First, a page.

Roots, Race And Identity: Texaco, By Patrick Chamoiseau

1600 Words 7 Pages
Stacy Charles
Roots, Race and identity
Dr. Robyn Cope
April 28, 2016

Texaco is a novel written by Patrick Chamoiseau. The novel presents a historical and personal perspective of individuals living in Texaco, a suburb on the outskirt of Fort-de-France, the capital of Martinique. The central narrative of the story arises from Marie-Sophie Laborieux, who is a daughter of a freed slave. In her narrative, she recounts her family history from the beginning of the 1820s through to the late 20th century. These recollections of her history draw both on her personal memory and the stories told to her by her father. As you read the novel, one can see that Texaco follows a non-linear plot line. Although Texaco has this complex story arrangement, one can see how Chamoiseau brilliantly intertwines short quotations from notebooks, journals and letters to provide us with historical context based on Martinique. This book is so explicit, it follows a lot of themes and ideas and these themes and ideas are distinguishing characteristics.This sentence does say anything?! All these characteristics made Texaco have an important impact on the advancement on French Caribbean history and it is also significant in providing an expression of Creolization through its use of simile and metaphorical terms to express abstract ideas and give voice to oral stories, beliefs and myths.This sentence contains very important ideas but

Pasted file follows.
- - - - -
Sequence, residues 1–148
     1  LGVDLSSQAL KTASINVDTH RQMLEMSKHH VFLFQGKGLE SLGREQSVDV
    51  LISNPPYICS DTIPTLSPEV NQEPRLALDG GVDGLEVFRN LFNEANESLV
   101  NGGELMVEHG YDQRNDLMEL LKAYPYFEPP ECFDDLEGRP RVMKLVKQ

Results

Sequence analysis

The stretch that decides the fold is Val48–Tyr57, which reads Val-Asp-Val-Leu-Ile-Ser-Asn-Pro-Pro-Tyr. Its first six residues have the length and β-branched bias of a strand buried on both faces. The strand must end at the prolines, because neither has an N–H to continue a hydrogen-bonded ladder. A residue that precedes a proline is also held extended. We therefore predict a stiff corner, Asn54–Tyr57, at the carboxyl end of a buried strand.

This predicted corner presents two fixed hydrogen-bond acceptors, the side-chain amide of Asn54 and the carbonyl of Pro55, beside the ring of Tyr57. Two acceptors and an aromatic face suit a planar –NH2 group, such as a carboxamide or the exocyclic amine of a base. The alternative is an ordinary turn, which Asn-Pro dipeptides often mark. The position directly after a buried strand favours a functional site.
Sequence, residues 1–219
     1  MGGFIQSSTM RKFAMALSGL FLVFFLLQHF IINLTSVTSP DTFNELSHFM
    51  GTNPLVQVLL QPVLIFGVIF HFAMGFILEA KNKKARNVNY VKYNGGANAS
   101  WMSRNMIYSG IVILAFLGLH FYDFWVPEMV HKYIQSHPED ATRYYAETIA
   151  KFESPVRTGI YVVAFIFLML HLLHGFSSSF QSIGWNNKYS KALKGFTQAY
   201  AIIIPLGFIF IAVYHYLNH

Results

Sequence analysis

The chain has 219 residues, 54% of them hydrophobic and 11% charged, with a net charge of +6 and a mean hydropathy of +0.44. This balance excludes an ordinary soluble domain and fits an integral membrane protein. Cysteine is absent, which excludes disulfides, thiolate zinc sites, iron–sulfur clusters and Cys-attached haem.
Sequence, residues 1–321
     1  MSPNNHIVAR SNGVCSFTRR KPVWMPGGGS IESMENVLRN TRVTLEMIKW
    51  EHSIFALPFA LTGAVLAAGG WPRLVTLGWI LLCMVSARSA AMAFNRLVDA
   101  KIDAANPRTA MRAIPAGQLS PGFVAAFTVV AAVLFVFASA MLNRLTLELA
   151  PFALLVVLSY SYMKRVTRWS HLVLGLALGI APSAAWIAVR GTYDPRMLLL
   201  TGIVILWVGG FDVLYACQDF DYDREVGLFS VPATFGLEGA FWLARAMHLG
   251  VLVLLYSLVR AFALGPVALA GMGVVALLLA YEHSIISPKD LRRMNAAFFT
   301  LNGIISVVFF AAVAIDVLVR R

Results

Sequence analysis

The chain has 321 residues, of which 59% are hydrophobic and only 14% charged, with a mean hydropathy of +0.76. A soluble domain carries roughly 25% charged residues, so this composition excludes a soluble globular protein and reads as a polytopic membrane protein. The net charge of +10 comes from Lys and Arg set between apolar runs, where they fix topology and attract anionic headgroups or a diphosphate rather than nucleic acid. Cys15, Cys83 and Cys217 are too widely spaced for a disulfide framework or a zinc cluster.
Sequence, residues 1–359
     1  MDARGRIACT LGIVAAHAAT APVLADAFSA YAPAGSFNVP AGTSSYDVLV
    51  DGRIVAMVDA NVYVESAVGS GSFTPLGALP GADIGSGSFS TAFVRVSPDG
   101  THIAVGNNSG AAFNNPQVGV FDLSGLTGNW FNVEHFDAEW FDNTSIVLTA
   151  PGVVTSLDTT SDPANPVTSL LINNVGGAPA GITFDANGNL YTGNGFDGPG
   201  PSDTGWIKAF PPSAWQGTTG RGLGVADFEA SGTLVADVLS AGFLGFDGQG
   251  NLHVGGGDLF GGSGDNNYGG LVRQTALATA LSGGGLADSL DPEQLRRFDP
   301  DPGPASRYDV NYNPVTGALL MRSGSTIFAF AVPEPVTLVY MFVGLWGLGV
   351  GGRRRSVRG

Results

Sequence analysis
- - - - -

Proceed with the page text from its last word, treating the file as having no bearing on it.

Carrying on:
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Chamoiseau uses magical realism in Texaco

Gallagher, Mary. “CARIBBEAN LITERATURE”. The Year's Work in Modern Language Studies 60 (1998): 181–184.
N'ZENGOU-TAYO, MARIE JOSE. “Literature and Diglossia: The Poetics of French and Creole 'interlect' in Patrick Chamoiseau's Texaco”. Caribbean Quarterly 43.4 (1997):

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